Ontario delays return to classrooms by 2 weeks amid ‘tsunami’ of Omicron cases

Amid what he called a ‘tsunami’ of new Omicron cases, Premier Doug Ford announced Monday that the return to classrooms for Ontario students and staff has been delayed by an additional two weeks.

Last week the province said students would be back in the classroom on Wednesday but following an emergency cabinet meeting Sunday night, the Ford government pushed that date back to at least January 17.

“These two weeks will provide much-needed time for more vaccines and boosters,” Ford said. “It’s more time for additional public health measures to blunt the rapid rise in cases. I know online learning isn’t ideal, but above all else, I want to provide students and parents with certainty, not the turmoil of school closures because not enough staff are available to teach our kids.”

The province says the change is “subject to public health trends and operational considerations.”

The province also noted that:

  • School buildings would be permitted to open for child care operations, including emergency child care, to provide in-person instruction for students with special education needs who cannot be accommodated remotely and for staff who are unable to deliver quality instruction from home.


  • During this period of remote learning, free emergency child care will be provided for school-aged children of health care and other eligible frontline workers.


Ford acknowledged that the decision will “disappoint, confuse and anger” many.

“I understand those reactions,” he said. ” As Premier these are the hardest decisions to make, but we follow the data and the fact is this — Omicron spreads like wildfire.”

Ford said he spent the weekend being briefed by health professionals, labour leaders and CEOs of large companies, after which he made a swift decision regarding schools and implementing new province-wide restrictions.

“This took me about 30 seconds to make a decision. That was a decisive decision.”

Ford said he was warned that cases in Ontario could spike to hundreds of thousands a day if further action wasn’t taken — resulting in a flood of hospitalizations.

“That’s 1,000 people, 2,000 people, showing up at the hospitals, that’s not sustainable,” he stressed.

He relayed a conversation he had with the CEO of a large courier company who told him 300 people called in sick in a single day.

The decision to keep schools closed longer comes as the highly-transmissible Omicron variant of COVID-19 has pushed cases to record-breaking numbers.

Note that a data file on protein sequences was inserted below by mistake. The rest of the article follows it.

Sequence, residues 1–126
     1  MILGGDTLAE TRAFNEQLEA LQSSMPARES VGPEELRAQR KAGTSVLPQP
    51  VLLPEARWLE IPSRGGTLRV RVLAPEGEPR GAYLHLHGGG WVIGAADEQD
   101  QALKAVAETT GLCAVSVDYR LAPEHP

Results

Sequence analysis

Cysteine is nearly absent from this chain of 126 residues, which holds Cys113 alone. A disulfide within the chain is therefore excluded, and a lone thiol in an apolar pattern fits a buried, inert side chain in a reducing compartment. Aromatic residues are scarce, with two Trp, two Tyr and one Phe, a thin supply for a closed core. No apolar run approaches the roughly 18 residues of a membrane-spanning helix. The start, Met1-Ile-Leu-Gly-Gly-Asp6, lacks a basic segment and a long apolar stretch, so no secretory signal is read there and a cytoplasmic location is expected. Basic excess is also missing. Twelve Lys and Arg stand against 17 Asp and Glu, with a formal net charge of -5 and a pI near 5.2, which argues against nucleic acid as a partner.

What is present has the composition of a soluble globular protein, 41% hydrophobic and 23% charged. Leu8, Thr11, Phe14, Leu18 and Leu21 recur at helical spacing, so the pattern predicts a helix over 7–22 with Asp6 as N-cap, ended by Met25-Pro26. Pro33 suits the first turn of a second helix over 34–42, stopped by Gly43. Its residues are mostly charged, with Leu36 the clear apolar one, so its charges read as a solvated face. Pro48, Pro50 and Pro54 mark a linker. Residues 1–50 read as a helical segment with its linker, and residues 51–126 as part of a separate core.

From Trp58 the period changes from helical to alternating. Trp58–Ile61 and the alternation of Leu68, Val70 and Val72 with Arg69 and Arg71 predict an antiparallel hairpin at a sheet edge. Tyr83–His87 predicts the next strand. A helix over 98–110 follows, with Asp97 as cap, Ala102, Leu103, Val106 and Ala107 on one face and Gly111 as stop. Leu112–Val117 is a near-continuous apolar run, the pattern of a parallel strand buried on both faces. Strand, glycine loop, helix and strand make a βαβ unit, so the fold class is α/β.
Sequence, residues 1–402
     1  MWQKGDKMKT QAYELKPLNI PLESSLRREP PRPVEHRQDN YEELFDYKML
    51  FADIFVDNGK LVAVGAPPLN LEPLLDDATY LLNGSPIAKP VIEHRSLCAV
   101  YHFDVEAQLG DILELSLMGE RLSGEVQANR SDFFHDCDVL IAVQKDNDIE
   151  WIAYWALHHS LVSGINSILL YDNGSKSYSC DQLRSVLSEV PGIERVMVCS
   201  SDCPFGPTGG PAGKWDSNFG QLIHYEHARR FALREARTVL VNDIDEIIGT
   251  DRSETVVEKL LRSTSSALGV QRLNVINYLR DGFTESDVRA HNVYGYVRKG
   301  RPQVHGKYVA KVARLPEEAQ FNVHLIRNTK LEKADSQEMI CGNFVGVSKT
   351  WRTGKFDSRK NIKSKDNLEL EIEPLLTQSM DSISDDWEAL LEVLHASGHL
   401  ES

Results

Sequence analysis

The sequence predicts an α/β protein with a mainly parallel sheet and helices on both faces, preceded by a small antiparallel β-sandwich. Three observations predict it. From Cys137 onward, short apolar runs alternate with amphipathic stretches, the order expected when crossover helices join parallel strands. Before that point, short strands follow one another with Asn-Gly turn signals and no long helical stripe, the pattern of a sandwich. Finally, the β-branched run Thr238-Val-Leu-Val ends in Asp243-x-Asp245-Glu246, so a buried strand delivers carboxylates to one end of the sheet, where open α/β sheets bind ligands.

On Monday, the province also announced it was moving back into a modified Step 2 of its COVID-19 roadmap, effective Wednesday at 12:01 a.m.

The new restrictions, which will stay in place for at least three weeks, include the closure of gyms and indoor dining and further restrictions on capacity limits at retail stores.

“Terrifying for parents”

On Sunday, the Ford government revealed it would no longer collect COVID-19 case numbers from schools and child care centres after new testing guidelines were announced last week.

In a memo to provincial school boards, the Ministry of Education said due to recent changes in case and contact management it will “suspend reporting” of COVID-19 cases in schools.

The opposition NDP called the move to stop reporting cases of COVID in schools and child care settings “terrifying for parents.”

Infection Control Epidemiologist, Dr. Colin Furness, also raised alarm bells about the province’s initial plan to have students return to classes on Wednesday, calling it “catastrophic.”

Furness said a return to classes that fast would result in a “sudden mass infection” that could result in thousands of hospitalizations.

Ontario reported 13,578 new cases of COVID-19 on Monday, down from Saturday’s record-breaking 18,445 cases. However, the number of cases is underreported after Ontario changed testing requirements.

The number of ICU admissions continued to rise on Monday. There are now 248 patients in intensive care, up from 224 on Sunday.

The Ontario Health Association says 124 of those patients are on a ventilator. The seven-day rolling average of patients in the ICU now sits at 210.

With files from John Marchesan and Patricia D’Cunha

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